Vegetables and Melons Outlook, Apr. 2010

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Comprehensive outlook of the vegetable and melon industry in the U.S. Includes: Industry overview, Fresh-Market Vegetables, Processing Vegetables, Potatoes, Dry Edible Beans, and Dry Peas & Lentils.

All vegetables and melons: In 2009, per capita disappearance (also known as net domestic use, a proxy for consumption) of all vegetables, melons, potatoes, sweet potatoes, pulse crops, and mushrooms increased 1 percent to 422 pounds. Increased domestic disappearance of canned products (particularly pickles and tomato products) accounted for most of the gain. With the economy beginning to show signs of improvement, another small gain in vegetable and melon use is anticipated during 2010.

Fresh vegetables: On a per person basis, net domestic use of fresh-market vegetables (excluding melons, potatoes, sweet potatoes, pulses, and mushrooms) fell 2 percent to about 141 pounds. While fresh use rose for such crops as lettuce, tomatoes, cucumbers, spinach, squash, and asparagus, use declined for pumpkins, garlic, snap (green) beans, onions, carrots, and cabbage. In 2010, fresh-vegetable use is expected to rise slightly as the economy begins to recover.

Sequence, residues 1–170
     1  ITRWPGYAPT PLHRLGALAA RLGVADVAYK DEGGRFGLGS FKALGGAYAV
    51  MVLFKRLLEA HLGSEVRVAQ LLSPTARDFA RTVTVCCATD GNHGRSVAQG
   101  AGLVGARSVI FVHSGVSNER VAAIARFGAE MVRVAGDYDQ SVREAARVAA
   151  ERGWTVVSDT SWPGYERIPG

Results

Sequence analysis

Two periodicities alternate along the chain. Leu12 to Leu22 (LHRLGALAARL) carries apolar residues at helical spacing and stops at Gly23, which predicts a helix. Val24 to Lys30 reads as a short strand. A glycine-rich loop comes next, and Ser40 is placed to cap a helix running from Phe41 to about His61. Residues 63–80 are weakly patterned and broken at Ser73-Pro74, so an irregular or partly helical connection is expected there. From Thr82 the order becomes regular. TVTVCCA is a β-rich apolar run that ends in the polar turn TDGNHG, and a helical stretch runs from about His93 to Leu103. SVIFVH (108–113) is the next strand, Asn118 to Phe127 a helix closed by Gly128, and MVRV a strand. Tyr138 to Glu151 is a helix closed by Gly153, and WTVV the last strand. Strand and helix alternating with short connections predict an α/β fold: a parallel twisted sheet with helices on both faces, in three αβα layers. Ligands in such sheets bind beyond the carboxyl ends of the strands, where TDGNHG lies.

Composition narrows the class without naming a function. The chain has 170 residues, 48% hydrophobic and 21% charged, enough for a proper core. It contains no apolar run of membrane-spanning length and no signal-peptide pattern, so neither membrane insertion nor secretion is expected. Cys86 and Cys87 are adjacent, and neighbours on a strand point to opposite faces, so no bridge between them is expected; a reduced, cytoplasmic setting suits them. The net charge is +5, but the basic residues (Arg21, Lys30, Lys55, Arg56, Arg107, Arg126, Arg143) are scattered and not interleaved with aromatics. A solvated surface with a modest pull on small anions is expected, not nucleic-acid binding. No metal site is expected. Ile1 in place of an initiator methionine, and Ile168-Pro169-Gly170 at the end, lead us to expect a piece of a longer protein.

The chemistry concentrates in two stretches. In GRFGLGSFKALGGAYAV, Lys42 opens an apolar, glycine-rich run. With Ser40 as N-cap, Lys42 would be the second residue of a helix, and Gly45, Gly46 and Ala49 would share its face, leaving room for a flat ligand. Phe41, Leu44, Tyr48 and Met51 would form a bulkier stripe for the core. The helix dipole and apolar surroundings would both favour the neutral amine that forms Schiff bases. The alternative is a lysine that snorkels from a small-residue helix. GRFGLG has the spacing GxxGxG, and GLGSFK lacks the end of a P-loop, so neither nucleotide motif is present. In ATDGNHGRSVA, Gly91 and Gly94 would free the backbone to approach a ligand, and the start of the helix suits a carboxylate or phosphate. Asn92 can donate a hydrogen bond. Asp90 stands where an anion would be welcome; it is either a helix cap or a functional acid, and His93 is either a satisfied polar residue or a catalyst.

Melons: Estimated disappearance of all melons totaled 8.3 billion pounds in 2009—the second-highest on record. On a per capita basis, domestic disappearance of the top 3 melon crops increased 1 percent from a year earlier to 26.3 pounds, as a 5-percent gain in cantaloup use offset reduced use of watermelon and honeydew.

Processing vegetables: Per capita disappearance of processing vegetables (excluding potatoes, sweet potatoes, and mushrooms) increased 5 percent to 121 pounds in 2009 led by rising use of onions for dehydrating, tomatoes for canning, and cucumbers for pickles. The outlook for 2010 indicates a small gain in the use of processing vegetables, led by increased use of canning tomatoes and vegetables for frozen products.

Gary Lucier
Lewrene Glaser
USDA Economic Research Service